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OPINION: Less red meat and plant-based beer?

by Devin Houston | May 5, 2021 at 5:25 a.m.

Joe Biden's agenda is now in plain sight and he is striking at the heart of American freedom. According to Larry Kudlow, Trump's former economic advisor and current Fox Business host, Biden's economic plan entails a mandated decrease in meat consumption by all Americans in order to meet new greenhouse emission regulations. Kudlow says, "No hamburgers on the Fourth of July. No steaks on the barbie. You can throw back a plant-based beer with your grilled Brussels sprouts and wave your American flag. Call it July 4 green."

What? "Plant-based beer?" Less meat, less filling? How unmanly can you get?! Those commie leftists making me drink plant-derived beer instead of my usual meaty cold brew of beef kidneys and liver? Take away my pale brisket ale? Never! Next thing you know we will only have beers made from grains and hops!

Well, the joke was on Fox and Mr. Kudlow, who all issued embarrassed apologies for wrongly linking a 2018 study from the University of Michigan to Biden's plans to curb the climate crisis and forgetting that all beer is brewed from plant ingredients. Still, Republican politicians such as Marjorie Taylor Greene and Lauren Boebert tweeted the false claims while others expressed concern that the government would force them to cut meat from their diets, even though the government nor nobody else is asking them to do so. I'm not surprised. Alt-right Republicans seem determined to do themselves in just to spite the opposition. Half of them won't get the covid vaccine, they endorse tobacco subsidies, more guns for everybody, and less environmental regulation, so I would encourage them to increase their red meat consumption as a protest against over-bearing government regulation and let nature take its course. Freedom!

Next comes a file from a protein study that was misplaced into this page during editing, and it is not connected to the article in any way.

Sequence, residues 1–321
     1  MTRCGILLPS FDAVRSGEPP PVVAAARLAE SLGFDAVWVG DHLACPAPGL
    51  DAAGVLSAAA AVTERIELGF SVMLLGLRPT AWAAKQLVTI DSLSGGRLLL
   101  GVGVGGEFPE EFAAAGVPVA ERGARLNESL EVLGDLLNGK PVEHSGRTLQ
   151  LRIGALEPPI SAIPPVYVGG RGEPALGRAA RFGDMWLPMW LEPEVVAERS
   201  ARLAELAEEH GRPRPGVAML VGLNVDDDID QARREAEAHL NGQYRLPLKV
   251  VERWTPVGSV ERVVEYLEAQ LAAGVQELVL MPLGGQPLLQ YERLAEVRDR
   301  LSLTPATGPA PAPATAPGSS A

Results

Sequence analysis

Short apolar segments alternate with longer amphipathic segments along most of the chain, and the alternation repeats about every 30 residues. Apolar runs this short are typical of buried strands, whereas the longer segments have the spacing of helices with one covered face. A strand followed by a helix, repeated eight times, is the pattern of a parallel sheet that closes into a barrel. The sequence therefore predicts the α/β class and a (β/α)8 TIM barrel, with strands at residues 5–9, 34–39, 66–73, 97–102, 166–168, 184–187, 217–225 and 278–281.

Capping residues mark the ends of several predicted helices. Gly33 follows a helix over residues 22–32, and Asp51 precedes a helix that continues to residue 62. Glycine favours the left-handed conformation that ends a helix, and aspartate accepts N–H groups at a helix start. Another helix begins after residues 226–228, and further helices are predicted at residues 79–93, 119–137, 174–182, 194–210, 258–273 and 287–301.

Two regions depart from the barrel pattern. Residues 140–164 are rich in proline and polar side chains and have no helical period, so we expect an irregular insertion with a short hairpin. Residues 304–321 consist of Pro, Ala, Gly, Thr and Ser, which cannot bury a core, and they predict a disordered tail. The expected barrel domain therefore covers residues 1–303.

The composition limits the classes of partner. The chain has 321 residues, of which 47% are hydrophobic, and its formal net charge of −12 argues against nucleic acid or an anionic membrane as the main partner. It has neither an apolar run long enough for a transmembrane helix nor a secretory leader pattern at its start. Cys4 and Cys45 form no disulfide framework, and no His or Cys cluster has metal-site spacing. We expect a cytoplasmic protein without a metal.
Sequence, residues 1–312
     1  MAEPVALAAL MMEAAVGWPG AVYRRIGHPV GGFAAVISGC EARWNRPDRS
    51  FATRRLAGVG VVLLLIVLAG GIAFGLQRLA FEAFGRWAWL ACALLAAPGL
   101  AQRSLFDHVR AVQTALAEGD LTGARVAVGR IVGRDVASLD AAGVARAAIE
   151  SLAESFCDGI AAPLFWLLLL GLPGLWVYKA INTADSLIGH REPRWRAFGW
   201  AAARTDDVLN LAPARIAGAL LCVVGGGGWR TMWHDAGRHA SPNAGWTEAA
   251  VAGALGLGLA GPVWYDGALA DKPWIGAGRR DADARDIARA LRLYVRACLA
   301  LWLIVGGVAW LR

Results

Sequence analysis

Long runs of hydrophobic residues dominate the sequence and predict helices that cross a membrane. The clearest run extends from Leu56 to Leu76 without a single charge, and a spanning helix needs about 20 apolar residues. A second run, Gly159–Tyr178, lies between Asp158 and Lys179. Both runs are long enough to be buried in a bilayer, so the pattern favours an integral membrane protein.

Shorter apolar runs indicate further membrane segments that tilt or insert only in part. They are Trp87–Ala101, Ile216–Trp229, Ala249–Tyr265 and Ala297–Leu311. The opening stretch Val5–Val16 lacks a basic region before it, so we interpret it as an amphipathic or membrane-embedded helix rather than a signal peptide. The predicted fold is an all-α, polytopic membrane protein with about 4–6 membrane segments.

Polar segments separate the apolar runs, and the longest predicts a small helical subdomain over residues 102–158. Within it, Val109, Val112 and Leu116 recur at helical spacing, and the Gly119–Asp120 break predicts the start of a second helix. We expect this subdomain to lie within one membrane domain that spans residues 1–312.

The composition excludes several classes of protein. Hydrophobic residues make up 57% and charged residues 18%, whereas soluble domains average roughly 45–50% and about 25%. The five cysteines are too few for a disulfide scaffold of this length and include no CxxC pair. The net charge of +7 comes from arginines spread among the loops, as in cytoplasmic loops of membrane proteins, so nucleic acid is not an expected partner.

In other notable idiocies, a New York Post writer was "forced" to write an article accusing the Biden administration of buying Kamala Harris's book for distribution in "welcome kits" to incarcerated migrant children. Republican outrage of tax dollars being spent to market Harris's book was immediate and loud, then walked back when the writer, Laura Italiano, subsequently resigned after admitting the story was false. Seems the story was fabricated from a photo of Harris's book taken in a tent occupied by one of the migrant children. The book was actually donated during a private drive to provide toys and books to the children. What was conveniently forgotten was that the GOP spent $400,000 on Donald Trump Jr's books as fund-raising fodder during the 2020 campaign, which inflated the books' rankings on best-seller lists.

There is plenty for Republicans to legitimately complain about Biden's policies: the fiasco at the southern border, increased government regulation and increasing the federal debt are the major ones on the list. But to continue to spread false narratives that are easily fact-checked is just plain stupid, and makes the GOP look desperate.